Originally posted by @Nicky Reader:

I admit I do not understand this model, this seems really complicated. I went through the website trying to figure this out.. Is this correct?

  • Owner signs up for this for the benefit of reducing turnover, at the expense of sharing out a percentage of the "profit on sale."  Owner uses their normal property management software and tenant lifecycle processes, this is just an added layer. 
  • Tenants sign a lease like normal. The only difference is they can pay extra for "RNT" which are shares that pay a percentage at "sale" based on the initial valuation of the property at some point in time, and the return is based on the sales price of the building. They can buy and sell the RNT shares in the app, subject to a fee. 
  • It's somehow tied to the tenant paying on time or renewing a lease?  
  • The owner has to pay Rhove to manage the "outstanding shares of RNT" ? 

Who is getting the money the tenants are paying for "RNT" shares?   Looking at the FAQ it looks like Roost Realty just holds onto it? 

When I look at the "owners" tab the marketing is basically just to retain tenants and have them pay on time?  What happens if I change PM's or want to leave the program? 

If I were a tenant, I'd worry if the initial valuation was fair? What if the owning entity/LLC/etc changes ownership quietly but not the building? Does the "valuation" constantly get updated as I buy more RNT shares over my 2-3 years living in the apartment?

Is this one of those things that makes a lot of sense for big syndication deals where the finances are quite complex?  This seems like a big complicated (and expensive?) layer on top of pretty traditional PM type issues.  

Also too I recognize I am definitely not the target market as an investor, this looks like something that appeals to a certain type of tenant that I don't normally talk to in the working class area I operate in. 

To me it looks like Rhove buys in to the deal and then gradually sells their shares to tenants who meet the criteria. They earn 5% cash flow as long as cash flows are generated, and a return based on their equity ownership at sale. Rhove probably takes fees and cash flow beyond the 5%, no doubt they have terms around that (as all sponsors do).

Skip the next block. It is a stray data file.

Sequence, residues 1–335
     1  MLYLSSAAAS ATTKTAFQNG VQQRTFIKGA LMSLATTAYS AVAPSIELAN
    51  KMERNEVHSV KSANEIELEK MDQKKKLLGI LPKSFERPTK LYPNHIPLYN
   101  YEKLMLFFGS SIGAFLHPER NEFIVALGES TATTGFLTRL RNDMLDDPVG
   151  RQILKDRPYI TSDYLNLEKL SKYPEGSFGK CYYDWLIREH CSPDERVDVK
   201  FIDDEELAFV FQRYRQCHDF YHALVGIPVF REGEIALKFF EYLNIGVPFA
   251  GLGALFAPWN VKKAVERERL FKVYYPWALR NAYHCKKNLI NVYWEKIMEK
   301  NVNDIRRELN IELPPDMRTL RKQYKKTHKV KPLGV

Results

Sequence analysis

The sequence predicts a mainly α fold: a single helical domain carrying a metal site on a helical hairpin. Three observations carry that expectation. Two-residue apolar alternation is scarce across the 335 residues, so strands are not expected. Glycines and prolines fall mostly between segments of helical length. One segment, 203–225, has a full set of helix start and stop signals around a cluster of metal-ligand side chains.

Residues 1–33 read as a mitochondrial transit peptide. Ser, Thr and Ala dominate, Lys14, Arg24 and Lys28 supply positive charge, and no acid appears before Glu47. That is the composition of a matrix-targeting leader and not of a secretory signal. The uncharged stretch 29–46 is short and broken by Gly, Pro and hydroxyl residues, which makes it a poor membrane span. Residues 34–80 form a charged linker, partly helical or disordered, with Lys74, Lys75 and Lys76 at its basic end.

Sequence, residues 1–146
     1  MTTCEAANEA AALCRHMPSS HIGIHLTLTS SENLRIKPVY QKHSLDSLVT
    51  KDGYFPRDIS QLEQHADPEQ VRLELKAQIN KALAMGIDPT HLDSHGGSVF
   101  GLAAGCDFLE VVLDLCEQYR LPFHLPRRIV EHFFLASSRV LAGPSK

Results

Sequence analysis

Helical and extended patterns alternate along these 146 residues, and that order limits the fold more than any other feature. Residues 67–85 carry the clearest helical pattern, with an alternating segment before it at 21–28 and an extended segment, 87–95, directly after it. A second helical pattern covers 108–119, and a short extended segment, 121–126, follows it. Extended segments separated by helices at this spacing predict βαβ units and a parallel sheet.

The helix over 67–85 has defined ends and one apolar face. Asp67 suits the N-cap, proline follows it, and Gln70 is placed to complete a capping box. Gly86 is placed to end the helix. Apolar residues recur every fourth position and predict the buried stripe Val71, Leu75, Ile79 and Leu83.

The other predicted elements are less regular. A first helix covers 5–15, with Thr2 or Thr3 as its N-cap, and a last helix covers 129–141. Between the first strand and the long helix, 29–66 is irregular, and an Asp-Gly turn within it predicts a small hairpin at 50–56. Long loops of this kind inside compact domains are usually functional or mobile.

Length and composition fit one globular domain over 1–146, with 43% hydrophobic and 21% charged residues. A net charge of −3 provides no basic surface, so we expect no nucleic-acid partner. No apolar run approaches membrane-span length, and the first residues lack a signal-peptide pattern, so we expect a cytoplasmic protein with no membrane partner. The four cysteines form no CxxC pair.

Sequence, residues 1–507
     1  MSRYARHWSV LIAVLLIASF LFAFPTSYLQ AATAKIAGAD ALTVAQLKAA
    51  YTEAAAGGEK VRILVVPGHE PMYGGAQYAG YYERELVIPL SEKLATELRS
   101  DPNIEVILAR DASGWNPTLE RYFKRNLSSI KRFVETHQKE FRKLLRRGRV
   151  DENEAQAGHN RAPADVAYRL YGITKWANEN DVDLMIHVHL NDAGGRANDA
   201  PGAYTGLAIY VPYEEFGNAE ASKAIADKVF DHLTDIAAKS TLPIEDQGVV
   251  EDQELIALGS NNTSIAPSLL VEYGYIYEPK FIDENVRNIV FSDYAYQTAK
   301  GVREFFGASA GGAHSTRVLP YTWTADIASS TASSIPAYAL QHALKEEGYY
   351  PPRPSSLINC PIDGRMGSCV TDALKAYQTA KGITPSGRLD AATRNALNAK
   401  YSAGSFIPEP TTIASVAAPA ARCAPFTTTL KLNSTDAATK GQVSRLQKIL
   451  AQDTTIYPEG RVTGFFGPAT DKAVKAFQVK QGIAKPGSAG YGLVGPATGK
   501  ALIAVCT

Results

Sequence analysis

Turnover is a substantial cost, so if they can reduce turnover by giving what amounts to a small refund on rent, then in theory it should work out for the property owner and primary sponsor. 

It seems like it'd make a lot of sense for competitive markets with rent control, where sponsors can only raise rents a fixed amount and cutting expenses like turnover is a potential major value add. 

The idea of sharing profits with an investor is pretty well accepted in these larger deals, and it's exactly what we do in the syndication space. 

This is a novel strategy for improving NOI by returning some gross cash flow to the tenants, giving them an incentive to stay. Thereby increasing economic occupancy, decreasing turnover costs, and probably also reducing turn cost if they do end up leaving. If a Rhove tenant was in there for 3 years but needs to move, odds are they didn't beat the place up too badly for 3 years.

It shouldn't matter at all if you change Property Manager, Rhove isn't managing the property. They're just distributing cash flow. You're probably stuck with Rhove once they're in the deal, since they buy an equity stake.